Inconspicuous Composting

 Posted by on September 23, 2008  Add comments  Tagged with: ,
Sep 232008
 

We live on an in-town acreage, which basically means that over the last 30 years since our house was built, the land all around us has been “built up.” I have a very strong opinion on this subject, but I won’t go into it, because that’s not the point of this post.

Anyway, our house sits atop a hill, overlooking a new housing development:


So, in the interest of not offending anyone’s delicate sensibilities, we don’t have a traditional compost pile. Instead, we use a blue (trash can-style) recycling bin with a lid. You could also use a lidded trash can. My husband made our bin by drilling half-inch holes all over the sides of the recycling bin. The holes ensure air circulation throughout, which is necessary for the compost to break down. He then drilled a hole in the lid just large enough to accommodate a 2-inch diameter piece of PVC pipe. The pipe should be long enough to extend from the bottom of the bin, through the hole in the lid, with about 6 inches exposed. My husband drilled half-inch holes all over the pipe as well. The pipe allows air to get to the center of the compost. The finished bin looks like this:


You need to stir the compost periodically, and occasionally add some soil to it, which speeds up the decomposition process. This is the best kind of bin to have if you live in an urban/suburban area, because it’s inconspicuous, and animals can’t get into it. We keep ours between our two storage buildings, so it’s hidden from view:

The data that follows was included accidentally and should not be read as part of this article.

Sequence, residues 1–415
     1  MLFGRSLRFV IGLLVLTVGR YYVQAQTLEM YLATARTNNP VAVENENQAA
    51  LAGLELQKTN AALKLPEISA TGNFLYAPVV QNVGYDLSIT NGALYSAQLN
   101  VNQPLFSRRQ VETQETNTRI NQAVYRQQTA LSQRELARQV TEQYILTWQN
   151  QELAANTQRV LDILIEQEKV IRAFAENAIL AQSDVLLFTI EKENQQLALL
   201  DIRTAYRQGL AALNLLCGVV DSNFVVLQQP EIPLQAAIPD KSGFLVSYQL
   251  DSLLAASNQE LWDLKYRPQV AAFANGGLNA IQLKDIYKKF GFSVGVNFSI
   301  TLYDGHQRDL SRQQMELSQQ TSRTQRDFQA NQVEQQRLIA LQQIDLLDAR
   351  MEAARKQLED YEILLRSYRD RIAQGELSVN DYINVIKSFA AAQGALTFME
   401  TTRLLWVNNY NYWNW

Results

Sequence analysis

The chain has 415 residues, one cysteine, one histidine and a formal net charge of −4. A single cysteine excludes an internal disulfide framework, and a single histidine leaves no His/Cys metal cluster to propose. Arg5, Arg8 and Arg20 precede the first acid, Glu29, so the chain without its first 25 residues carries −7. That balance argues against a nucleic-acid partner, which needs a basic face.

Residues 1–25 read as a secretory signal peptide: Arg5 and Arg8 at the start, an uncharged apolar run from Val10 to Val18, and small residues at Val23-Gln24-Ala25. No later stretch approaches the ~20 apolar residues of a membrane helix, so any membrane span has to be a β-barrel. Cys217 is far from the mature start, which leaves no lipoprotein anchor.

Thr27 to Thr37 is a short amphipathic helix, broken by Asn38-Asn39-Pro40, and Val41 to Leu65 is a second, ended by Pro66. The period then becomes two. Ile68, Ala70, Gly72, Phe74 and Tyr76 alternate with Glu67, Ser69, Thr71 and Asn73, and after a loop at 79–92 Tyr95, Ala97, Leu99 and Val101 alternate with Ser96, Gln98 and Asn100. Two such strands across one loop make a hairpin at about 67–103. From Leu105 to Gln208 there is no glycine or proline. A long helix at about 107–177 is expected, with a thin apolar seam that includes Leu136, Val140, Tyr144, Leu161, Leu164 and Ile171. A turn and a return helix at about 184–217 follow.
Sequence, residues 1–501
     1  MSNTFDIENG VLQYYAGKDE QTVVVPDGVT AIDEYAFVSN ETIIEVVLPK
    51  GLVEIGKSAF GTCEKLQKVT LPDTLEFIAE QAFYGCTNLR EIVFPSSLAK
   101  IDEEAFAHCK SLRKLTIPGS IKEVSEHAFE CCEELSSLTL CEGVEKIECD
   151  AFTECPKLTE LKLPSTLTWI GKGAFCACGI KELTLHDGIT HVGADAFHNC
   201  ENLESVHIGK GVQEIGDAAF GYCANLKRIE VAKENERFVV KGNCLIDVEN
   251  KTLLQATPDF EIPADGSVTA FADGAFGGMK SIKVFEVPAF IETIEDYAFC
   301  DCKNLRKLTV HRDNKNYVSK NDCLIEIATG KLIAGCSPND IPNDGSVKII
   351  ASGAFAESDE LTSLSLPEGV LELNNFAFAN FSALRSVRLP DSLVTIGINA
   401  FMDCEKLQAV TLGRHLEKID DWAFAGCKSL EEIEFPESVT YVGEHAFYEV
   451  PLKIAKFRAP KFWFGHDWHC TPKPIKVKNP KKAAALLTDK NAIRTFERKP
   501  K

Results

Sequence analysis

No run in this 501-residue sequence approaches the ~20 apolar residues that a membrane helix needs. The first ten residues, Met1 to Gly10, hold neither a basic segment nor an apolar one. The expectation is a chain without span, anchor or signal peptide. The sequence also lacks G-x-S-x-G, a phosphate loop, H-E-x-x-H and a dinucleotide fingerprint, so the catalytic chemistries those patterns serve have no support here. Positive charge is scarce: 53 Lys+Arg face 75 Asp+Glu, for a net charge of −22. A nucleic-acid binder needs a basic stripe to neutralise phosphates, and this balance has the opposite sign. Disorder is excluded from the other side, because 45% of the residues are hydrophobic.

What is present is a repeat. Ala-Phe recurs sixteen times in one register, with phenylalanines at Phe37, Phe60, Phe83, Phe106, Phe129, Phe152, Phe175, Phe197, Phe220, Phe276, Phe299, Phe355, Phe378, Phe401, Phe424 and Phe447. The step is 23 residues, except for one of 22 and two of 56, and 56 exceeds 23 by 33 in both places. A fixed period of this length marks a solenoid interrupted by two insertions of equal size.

If you purchase new materials to make this bin, the total cost will be around $20. Home Depot sells 32-gallon Rubbermaid Roughneck trash cans with lids for about $15, and 2-inch by 10-ft pieces of PVC pipe for less than $5. Our homemade compost bin was actually free, because we had a length of pipe leftover from another project, and the bin was an extra one that was left behind by a rental tenant. In my area, the very cheapest, hoop-style compost bin, without a lid, costs $35.

If you live in a rural area, and don’t care much about aesthetics, or providing an occasional meal for neighborhood wildlife, you can make a really simple, free compost bin in about 5 minutes by wiring 4 wooden pallets together to form a square. Pallets can be obtained for free from most home improvement stores, lumberyards and garden centers. If you don’t have wire on hand, try unwinding a wire coat hanger. When you want to stir or remove compost, you just open one side as you would a door.

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